Aug 30

Representing controversial clients is a slippery slope.

I’m a firm believer that, in the court of public opinion, a controversial client is innocent until Pat_robertson_devil_sign proven guilty. I also believe he or she deserves the very best representation possible. That said, some prospective clients are toxic and invite more trouble than they’re worth.

I’m reminded of the terrific image and reputation bashing inflicted on Hill & Knowlton in the early 1990s, when the firm decided to represent one highly controversial client after another. The carnage reached its apex (perhaps nadir is more appropriate) when Hill & Knowlton took on an image and awareness campaign for the government of Kuwait. Almost immediately afterwards, they were accused of ‘staging’ fake genocides to heighten worldwide distaste for Saddam Hussein’s Machiavellian machinations. It was an event that, whether true or not, inspired the Hollywood movie, ‘Wag the Dog’. H&K’s decision to represent a raft of highly controversial accounts precipitated a mass exodus of blue-chip clients (who didn’t want to be associated with a public relations firm that was caught in the crosshairs of negative news). The firm also lost top notch counselors, who disagreed with H&K’s stance on a moral and ethical basis.

As a proud alumnus of a kinder, gentler H&K, I’m pleased to see the firm has finally rebounded and reclaimed its rightful position as a top global player, but it took lots of blood, sweat and tears to execute the turnaround.

I mention all this because I see that 5W is representing Pat Robertson’s American Center for Law & Justice in its efforts to halt construction of the controversial Ground Zero mosque. As mentioned above, Mr. Robertson’s entity deserves the very best public relations support it can afford. But, at what cost to the firm? In its defense, 5W has never shied away from representing clients that most mainstream PR firms would avoid like the plague. But, does such representation jeopardize existing client relationships? Will it alienate employees who see the issue as a First Amendment right that has nothing whatsoever to do with public relations? Time will tell.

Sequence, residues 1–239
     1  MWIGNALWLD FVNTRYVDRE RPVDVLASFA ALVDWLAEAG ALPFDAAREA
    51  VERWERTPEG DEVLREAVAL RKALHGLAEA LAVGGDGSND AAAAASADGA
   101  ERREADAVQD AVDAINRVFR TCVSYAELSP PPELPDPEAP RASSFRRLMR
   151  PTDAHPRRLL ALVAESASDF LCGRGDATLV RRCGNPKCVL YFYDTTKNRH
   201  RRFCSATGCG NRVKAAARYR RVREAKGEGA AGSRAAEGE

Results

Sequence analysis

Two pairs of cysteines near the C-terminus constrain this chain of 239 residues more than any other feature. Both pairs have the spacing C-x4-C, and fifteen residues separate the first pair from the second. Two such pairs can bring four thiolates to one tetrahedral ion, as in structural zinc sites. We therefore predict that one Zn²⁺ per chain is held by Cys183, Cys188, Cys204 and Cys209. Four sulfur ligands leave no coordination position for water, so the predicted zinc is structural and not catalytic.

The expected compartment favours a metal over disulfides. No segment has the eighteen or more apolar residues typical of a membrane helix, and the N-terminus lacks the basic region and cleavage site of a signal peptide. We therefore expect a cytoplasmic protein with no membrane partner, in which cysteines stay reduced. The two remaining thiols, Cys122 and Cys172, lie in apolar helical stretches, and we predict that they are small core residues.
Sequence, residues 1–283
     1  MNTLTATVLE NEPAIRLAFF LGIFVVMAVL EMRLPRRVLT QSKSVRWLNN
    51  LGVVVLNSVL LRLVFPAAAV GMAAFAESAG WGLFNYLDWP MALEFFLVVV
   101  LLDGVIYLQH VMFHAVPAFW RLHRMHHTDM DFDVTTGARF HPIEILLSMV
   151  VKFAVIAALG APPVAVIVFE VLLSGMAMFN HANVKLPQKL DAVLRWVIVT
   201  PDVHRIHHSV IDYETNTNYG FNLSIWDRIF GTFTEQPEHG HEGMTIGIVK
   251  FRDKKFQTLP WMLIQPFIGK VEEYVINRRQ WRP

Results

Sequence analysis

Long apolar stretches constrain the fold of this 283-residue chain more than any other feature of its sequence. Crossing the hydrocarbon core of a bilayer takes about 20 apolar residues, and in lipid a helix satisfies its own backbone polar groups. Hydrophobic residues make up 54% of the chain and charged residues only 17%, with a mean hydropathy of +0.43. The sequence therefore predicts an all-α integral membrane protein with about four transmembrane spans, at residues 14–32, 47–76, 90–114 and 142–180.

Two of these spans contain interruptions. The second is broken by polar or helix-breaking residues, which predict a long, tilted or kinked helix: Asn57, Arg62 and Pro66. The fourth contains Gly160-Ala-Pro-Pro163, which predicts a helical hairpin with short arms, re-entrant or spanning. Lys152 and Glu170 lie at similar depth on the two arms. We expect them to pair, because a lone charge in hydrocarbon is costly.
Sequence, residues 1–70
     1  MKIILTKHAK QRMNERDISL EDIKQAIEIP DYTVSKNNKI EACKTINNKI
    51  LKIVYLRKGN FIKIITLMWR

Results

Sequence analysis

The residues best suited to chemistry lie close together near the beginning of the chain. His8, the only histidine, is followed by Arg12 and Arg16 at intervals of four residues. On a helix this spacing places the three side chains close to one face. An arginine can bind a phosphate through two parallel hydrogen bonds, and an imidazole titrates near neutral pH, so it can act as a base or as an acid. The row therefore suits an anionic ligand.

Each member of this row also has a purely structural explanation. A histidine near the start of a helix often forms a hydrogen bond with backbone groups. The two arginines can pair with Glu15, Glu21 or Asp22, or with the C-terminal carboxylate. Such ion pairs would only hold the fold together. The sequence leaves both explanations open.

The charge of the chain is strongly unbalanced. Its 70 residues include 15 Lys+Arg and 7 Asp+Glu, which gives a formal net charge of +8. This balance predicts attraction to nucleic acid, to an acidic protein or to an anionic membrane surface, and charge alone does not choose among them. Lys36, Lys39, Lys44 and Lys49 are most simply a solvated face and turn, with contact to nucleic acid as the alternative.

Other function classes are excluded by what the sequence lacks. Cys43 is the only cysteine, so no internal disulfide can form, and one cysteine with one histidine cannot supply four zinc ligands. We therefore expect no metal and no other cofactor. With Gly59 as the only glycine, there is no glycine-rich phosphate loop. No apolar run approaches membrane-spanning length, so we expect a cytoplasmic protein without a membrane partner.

In our 15 years of business, we’ve tried to avoid highly controversial clients (falling prey only twice in my memory). Thankfully, neither relationship cost us clients or employees. In fact, with the latter, we were quite transparent and suggested that anyone with reservations could opt out of actual account work. Several took us up on the offer.

But, rather than place a firm in harm’s way, why choose to represent a potentially toxic client? The short-term gain in billings and notoriety will most certainly be offset by the long-term unease among clients and employees alike. As a former employer of mine liked to say, “It’s a classic lose-lose.”

Sep 10

Not wanting to let go isn’t limited to Baby Boomer CEOs

The Wall Street Journal article on Baby Boomer CEOs and their reluctance to step down struck a chord. Old_man

In the article, the Journal cites a 60-something chief executive who had hired his successor and then, quite simply, refused to leave. The exact same thing happened to me 12 years ago.

I was hired by a 65-year-old CEO to be his heir apparent. Foolishly, I took his word that he’d be gone within a year. Instead, I was the one who ended up leaving.

After settling in, I discovered that I was only the latest in a long line of successors this ‘lion in winter’ had hand-picked for the assignment. Truth be told, though, he had no desire to ever relinquish the reins. So, he made life unbearable for we CEOs in waiting and forced us out, one by one.

Every cloud does indeed have its silver lining, though, and so did this one. Immediately after leaving that hellish environment, I holed up with Sir Edward Moed in his squalid, one bedroom apartment and launched Peppercom.

Oh, and the CEO in question? He finally disappeared into the sunset about five years ago. It just goes to show that Baby Boomer CEOs aren’t unique in their desire to hang on as long as possible. In fact, history’s pages are replete with ‘chief executives’ like Napoleon, Caligula and Saddam Hussein who had no desire to ever let go.

Thanks to Laura Zanzal for the idea.